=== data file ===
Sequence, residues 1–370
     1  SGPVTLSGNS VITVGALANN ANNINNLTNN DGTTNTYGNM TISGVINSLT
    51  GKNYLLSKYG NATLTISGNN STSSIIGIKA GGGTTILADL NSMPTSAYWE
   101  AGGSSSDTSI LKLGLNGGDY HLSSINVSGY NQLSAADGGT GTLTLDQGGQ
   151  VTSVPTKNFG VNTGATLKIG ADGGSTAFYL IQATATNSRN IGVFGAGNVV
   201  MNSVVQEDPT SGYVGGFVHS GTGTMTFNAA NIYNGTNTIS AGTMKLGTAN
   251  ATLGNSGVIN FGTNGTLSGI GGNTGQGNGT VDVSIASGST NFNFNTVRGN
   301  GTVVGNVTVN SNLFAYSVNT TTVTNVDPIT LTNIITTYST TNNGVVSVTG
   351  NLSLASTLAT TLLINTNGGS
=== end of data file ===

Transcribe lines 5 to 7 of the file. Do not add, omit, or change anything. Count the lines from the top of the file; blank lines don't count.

   151  VTSVPTKNFG VNTGATLKIG ADGGSTAFYL IQATATNSRN IGVFGAGNVV
   201  MNSVVQEDPT SGYVGGFVHS GTGTMTFNAA NIYNGTNTIS AGTMKLGTAN
   251  ATLGNSGVIN FGTNGTLSGI GGNTGQGNGT VDVSIASGST NFNFNTVRGN